Inside Stanford Medicine View web version
June 24, 2019
Vol. 11, No. 12
Graduates urged to embrace lifelong learning, adapt to change at medical school’s 111th commencement

Graduates urged to embrace lifelong learning, adapt to change at medical school’s 111th commencement

“In a world that encourages increasing specialization, hold on to that sense of being a student,” Stanford Provost Persis Drell told Stanford School of Medicine graduates.

 
 
Medical marijuana does not reduce opioid deaths
 

Medical marijuana does not reduce opioid deaths

Revisiting a 2014 study that suggested states with medical marijuana saw fewer opioid deaths, Stanford researchers in fact found no connection between marijuana availability and fatal opioid overdoses.

 
Stanford physicians train fire departments in latest emergency medicine techniques
 

Stanford physicians train fire departments in latest emergency medicine techniques

The Stanford Department of Emergency Medicine is working with nine local fire departments to ensure that crews learn the latest protocols for treating community members during health emergencies.

 
Most metastatic colorectal cancers have spread before diagnosis
 

Most metastatic colorectal cancers have spread before diagnosis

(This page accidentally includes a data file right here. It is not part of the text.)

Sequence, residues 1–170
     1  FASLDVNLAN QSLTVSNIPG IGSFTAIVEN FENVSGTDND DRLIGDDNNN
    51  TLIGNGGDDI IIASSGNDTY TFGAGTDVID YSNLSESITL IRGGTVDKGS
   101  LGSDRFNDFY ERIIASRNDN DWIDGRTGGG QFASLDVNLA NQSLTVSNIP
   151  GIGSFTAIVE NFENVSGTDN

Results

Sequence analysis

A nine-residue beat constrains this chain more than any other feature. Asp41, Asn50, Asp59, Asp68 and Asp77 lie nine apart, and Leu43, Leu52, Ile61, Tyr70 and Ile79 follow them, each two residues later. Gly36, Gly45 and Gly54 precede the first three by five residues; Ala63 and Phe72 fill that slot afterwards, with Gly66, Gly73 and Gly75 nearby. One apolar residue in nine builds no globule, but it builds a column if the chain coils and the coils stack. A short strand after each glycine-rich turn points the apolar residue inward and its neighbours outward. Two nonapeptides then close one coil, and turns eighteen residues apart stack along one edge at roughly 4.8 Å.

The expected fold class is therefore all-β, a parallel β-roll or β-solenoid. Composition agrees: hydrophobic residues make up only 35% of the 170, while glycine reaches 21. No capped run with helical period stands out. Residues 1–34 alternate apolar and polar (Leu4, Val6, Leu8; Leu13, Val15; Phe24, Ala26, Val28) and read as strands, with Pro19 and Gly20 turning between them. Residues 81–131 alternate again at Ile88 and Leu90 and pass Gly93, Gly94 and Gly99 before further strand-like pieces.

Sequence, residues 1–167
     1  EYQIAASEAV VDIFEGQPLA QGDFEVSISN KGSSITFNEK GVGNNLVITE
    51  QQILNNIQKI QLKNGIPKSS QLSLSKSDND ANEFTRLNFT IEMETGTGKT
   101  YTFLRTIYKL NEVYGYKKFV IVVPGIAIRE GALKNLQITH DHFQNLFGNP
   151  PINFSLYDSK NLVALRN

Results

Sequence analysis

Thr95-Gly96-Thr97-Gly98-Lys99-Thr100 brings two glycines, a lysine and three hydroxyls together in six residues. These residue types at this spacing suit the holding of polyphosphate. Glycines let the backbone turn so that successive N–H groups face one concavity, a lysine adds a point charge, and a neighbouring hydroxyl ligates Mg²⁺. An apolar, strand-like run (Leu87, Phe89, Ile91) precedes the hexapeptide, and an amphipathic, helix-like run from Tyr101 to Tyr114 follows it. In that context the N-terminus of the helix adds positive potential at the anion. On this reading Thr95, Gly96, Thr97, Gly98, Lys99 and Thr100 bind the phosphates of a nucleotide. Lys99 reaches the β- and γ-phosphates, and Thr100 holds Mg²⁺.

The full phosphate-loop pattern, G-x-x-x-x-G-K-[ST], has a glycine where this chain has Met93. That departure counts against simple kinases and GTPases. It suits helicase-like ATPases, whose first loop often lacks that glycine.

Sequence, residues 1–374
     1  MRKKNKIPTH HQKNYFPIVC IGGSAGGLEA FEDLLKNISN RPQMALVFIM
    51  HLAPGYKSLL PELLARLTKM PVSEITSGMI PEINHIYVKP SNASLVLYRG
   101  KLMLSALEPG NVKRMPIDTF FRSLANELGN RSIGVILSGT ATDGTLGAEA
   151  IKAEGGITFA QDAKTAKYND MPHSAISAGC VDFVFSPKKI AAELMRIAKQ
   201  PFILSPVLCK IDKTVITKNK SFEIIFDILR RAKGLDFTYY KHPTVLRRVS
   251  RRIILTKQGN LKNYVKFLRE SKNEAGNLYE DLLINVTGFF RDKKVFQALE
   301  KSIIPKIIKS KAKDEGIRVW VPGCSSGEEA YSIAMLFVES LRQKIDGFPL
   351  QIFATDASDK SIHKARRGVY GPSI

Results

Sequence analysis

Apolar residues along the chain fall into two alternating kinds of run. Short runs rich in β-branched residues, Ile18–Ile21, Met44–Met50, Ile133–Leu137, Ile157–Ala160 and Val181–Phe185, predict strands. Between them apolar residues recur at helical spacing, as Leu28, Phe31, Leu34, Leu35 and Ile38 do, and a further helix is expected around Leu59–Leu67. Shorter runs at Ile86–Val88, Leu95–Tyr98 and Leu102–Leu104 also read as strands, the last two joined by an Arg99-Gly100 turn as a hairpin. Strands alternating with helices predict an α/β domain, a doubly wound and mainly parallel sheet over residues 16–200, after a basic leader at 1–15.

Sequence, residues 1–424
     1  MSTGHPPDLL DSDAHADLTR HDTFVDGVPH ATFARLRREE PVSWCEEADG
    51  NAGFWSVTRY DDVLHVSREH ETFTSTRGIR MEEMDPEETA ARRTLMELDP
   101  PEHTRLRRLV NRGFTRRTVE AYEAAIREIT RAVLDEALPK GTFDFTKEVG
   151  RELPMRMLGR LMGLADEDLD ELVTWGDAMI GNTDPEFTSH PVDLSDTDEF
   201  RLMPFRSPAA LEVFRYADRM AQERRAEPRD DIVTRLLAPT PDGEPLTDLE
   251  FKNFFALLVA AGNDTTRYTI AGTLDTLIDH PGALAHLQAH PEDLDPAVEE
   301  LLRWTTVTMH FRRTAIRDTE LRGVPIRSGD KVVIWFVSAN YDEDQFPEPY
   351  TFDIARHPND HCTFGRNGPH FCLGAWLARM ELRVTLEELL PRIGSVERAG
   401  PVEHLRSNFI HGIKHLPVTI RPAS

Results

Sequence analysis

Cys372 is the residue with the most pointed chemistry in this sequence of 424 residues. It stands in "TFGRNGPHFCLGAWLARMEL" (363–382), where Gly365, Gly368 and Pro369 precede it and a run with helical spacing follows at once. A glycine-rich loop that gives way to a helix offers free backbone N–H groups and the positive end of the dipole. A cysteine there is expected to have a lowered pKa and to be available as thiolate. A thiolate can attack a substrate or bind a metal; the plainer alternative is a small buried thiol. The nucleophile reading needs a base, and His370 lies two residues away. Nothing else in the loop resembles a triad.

Colorectal cancers often spread before the initial tumor is detected, according to a new Stanford study. Identifying patients in whom early metastasis is likely could better guide treatment decisions.

 
5 Questions: Bert Hurlbut on ensuring new Stanford Hospital is earthquake-safe
 

5 Questions: Bert Hurlbut on ensuring new Stanford Hospital is earthquake-safe

Bert Hurlbut, vice president of new hospital construction at Stanford Health Care, discussed the strategies his team used to make the new Stanford Hospital earthquake-resistant.

 
Two genes implicated in development of prostate enlargement
 

Two genes implicated in development of prostate enlargement

Stanford scientists have identified a genetic signature that signals enlarged prostate tissue. The discovery has helped them find possible drivers of the condition.

 
Antibody treatment allows transplant of mismatched stem cells, tissues in mice
 

Antibody treatment allows transplant of mismatched stem cells, tissues in mice

If the antibody treatment is eventually found to be viable in humans, it could increase the numbers of people who benefit from hematopoietic stem transplants, Stanford researchers said.

 
Stanford Medicine magazine brings joy of discovery into focus

Stanford Medicine magazine brings joy of discovery into focus

The new issue of Stanford Medicine magazine highlights fundamental research at Stanford and the many ways in which scientists are exploring the science of life.

 

  

  

Of note

A roundup of recent honors and awards. In this issue, read about Mark Berry, Michael Longaker, Joanna Wysocka and others.


Inside Stanford Medicine is a twice-monthly newspaper that reports on the accomplishments and activities of the faculty, staff and students in the Stanford Medicine community. To suggest a story or to get more information, contact editor John Sanford at (650) 723-8309 or jsanford@stanford.edu.

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